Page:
Collapsed cryptocurrency exchange and brokerage Mine Digital appears to have been a target for criminals exploiting the platform and lax regulation to rip off Australians through sophisticated investment scams.
The platform’s parent company, ACCE, collapsed in September, leaving creditors chasing $16 million. Many of them are crypto investors who had placed funds with the online platform to trade digital coins, but so far, liquidators have only been able to recover assets worth $20,000.
In a silver lining of sorts, scam artists are likely to be the other group bemoaning Mine Digital’s demise.
Correspondence obtained as part of an investigation into investment fraud syndicates show a customer was defrauded by a fake investment business, DHP Consultants, that used accounts on ACCE Australia to convert money into cryptocurrency and send it offshore.
AFR Weekend has previously revealed two other instances of fraud victims’ funds being transferred to ACCE accounts and then offshore: investors who thought they were buying high-yield bonds from reputable money managers such as Citibank, Nomura and IFM Investors, and a self-managed super fund duped by a sham company called 500 Investments.
AFR Weekend does not suggest that the company’s management were aware of or involved in these or any other scams.
In the three cases, fraudsters used realistic situations, such as impersonating officials from high-profile companies or seemingly legitimate businesses, to trick people into handing over identification documents and money.
The rattling of crypto market pillars in 2022, such as the near collapse of the terra luna stablecoin network in June, weeks later the insolvency of major crypto lender Celsius, and the spectacular downfall of Sam Bankman-Fried’s FTX in November, have put tougher laws for crypto firmly in the sights of regulators.
Undeterred by the industry’s identity crisis, criminals have upped their reliance on crypto for offshoring cash with relative anonymity.
This has exposed the industry’s poor risk management and lax regulation, as well as the legacy banking sector’s failure to keep pace with criminals using fraudulent bank accounts.
Australians reported more than $350 million of stolen funds via investment scams in 2022 – up 100 per cent on 2021 – and of that, crypto losses surged 217 per cent to $194 million. But the competition watchdog’s Scamwatch estimates only 13 per cent of people report their losses.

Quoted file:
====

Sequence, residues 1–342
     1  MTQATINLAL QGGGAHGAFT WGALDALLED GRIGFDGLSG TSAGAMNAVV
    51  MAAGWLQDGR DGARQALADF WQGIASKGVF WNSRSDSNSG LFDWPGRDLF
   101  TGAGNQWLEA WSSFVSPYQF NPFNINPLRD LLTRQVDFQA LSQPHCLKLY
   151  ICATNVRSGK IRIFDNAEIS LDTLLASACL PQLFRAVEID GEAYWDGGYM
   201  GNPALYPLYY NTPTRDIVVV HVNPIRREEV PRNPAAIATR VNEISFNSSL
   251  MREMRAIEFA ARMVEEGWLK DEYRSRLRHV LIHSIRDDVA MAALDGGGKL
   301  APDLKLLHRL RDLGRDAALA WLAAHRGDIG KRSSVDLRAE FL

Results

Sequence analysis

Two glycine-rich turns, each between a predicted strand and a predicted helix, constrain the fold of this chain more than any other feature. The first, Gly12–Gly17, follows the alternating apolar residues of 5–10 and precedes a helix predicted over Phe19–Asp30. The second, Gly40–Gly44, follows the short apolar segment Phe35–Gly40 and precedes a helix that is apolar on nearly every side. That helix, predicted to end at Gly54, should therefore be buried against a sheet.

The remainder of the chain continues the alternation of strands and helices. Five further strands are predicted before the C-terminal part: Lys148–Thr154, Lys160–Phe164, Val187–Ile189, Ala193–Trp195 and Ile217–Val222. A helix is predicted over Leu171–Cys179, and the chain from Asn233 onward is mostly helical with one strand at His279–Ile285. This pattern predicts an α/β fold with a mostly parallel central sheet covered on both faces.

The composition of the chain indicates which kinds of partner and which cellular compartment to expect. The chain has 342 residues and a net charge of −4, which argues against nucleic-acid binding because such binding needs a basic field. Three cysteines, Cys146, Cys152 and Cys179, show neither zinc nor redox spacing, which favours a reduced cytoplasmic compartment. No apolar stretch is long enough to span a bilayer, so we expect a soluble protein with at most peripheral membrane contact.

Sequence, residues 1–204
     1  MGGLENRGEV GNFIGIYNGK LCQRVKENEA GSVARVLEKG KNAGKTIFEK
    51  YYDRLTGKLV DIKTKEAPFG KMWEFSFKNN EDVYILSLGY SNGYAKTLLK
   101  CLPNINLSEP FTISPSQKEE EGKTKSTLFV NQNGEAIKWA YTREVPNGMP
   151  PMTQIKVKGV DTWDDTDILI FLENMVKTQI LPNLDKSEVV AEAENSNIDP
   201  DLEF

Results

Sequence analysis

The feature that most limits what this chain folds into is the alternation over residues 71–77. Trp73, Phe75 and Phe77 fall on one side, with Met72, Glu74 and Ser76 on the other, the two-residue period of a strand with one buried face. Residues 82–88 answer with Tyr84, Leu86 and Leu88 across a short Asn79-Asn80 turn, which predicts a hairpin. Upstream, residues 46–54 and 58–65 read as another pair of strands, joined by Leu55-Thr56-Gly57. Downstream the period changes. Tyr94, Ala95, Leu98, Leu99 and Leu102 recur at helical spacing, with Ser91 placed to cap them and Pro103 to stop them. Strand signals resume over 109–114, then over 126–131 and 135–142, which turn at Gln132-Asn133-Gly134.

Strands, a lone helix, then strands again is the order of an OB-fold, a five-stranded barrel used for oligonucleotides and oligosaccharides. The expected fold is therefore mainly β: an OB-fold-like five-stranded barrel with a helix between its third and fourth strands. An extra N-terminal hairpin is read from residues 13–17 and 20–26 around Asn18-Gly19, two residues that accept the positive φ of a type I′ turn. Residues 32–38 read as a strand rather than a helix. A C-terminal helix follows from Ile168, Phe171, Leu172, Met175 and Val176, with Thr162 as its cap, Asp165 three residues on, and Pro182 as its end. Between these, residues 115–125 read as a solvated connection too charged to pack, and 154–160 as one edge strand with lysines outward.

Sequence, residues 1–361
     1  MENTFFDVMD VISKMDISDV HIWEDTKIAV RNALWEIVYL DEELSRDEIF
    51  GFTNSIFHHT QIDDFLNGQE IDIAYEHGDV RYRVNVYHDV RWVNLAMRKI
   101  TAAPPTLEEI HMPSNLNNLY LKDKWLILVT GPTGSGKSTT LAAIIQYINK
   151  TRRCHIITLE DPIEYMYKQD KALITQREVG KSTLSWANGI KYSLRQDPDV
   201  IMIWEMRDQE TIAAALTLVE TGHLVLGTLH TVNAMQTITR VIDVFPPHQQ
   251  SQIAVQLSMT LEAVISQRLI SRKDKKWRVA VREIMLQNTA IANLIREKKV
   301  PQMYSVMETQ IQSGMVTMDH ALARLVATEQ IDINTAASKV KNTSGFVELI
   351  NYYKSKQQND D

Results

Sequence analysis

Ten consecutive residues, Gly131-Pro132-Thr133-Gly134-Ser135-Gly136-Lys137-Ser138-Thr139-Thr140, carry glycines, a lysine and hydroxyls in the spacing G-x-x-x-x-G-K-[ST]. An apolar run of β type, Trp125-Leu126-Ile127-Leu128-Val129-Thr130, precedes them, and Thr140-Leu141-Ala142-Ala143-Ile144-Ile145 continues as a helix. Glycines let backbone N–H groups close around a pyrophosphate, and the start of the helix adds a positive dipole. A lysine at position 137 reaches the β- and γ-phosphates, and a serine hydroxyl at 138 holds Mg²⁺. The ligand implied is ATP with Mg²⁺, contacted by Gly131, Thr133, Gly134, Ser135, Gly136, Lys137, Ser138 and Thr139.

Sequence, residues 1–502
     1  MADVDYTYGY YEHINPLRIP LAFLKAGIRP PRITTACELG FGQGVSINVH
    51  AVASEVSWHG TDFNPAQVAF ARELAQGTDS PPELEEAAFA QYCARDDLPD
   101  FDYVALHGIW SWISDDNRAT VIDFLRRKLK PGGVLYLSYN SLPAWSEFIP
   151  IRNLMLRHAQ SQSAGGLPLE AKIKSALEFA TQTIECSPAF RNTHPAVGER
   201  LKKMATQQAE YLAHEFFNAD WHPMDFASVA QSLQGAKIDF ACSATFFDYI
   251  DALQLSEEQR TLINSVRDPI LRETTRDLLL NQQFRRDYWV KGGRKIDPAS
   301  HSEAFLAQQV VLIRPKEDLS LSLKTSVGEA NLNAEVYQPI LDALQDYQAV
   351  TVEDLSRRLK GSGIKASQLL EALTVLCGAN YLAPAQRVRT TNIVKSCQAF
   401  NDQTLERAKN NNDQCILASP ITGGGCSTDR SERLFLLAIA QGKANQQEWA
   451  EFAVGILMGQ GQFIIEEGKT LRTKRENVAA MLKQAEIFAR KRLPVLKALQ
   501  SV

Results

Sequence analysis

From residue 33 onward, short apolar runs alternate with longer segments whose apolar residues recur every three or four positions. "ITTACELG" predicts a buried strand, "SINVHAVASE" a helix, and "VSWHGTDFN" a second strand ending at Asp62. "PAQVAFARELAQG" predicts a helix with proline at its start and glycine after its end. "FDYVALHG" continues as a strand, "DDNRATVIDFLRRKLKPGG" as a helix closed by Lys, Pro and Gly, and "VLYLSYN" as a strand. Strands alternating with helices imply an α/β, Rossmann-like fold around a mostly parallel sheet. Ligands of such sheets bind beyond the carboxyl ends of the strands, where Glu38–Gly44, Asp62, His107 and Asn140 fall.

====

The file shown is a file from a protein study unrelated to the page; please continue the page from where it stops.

Scammed seeking share, SMSF advice
In the latest revelation linked to Mine Digital, a victim, who declined to be named, had in early 2021 unknowingly transferred about $130,000 to scammers, who were using the Australian Business Number of a legitimate company, DHP Finance, for cover.
After finding the DHP Consultants website via Google, they filled out a form for help with understanding how to run a self-managed super fund.
The victim was sent enrolment forms that collected identification documents, including passport, driver’s licence and Medicare details that they believed were necessary for setting up an initial investment account.
The victim had multiple phone calls with fraudsters posing as brokers who persuaded them to hand over cash to invest in shares such as Qantas and COVID-19 vaccine maker BioNTech. The “brokers” comfortably rattled off up-to-date company news and share price movements.
Instead, according to police correspondence seen by AFR Weekend, the money was put into fraudulently set-up bank accounts using the victim’s identification documents and a dodgy Outlook email address.
After that, the money was used to buy cryptocurrency, held in a digital wallet on the Mine Digital exchange. Analysis of that wallet shows the crypto was then transferred to three separate wallets in three transactions.
The crime was reported to law enforcement where “despite extensive inquiries, it is now suspended pending further information,” a NSW Police spokeswoman said.
Millions flow offshore
That single wallet sent more than $US3.3 million to those same three wallets in 100 transactions between October 2020 and January 2021.
More broadly, it transferred more than $US9 million to a range of other wallets in the same period. This does not mean all that money flowed through Mine Digital, but rather illustrates the scale of just one wallet within a fraud operation in just a few months.
While cryptocurrency transactions are traceable, identifying who is using various wallets is difficult.
Administrator PKF and former Mine Digital executives did not reply to request for comment.
The founder of law firm Duxton Hill, Andrew Tragardh, who is representing the SMSF in its legal battle with Mine Digital, said the law was not moving fast enough to protect victims.
“Like always the law is slow to catch up to technology … crypto is no exception. A licensing regime will help protect consumers, but Australia is at least a year away,” he said.
For the more than 9000 Australians who have reported investment scams to the ACCC in 2022, it’s already too late.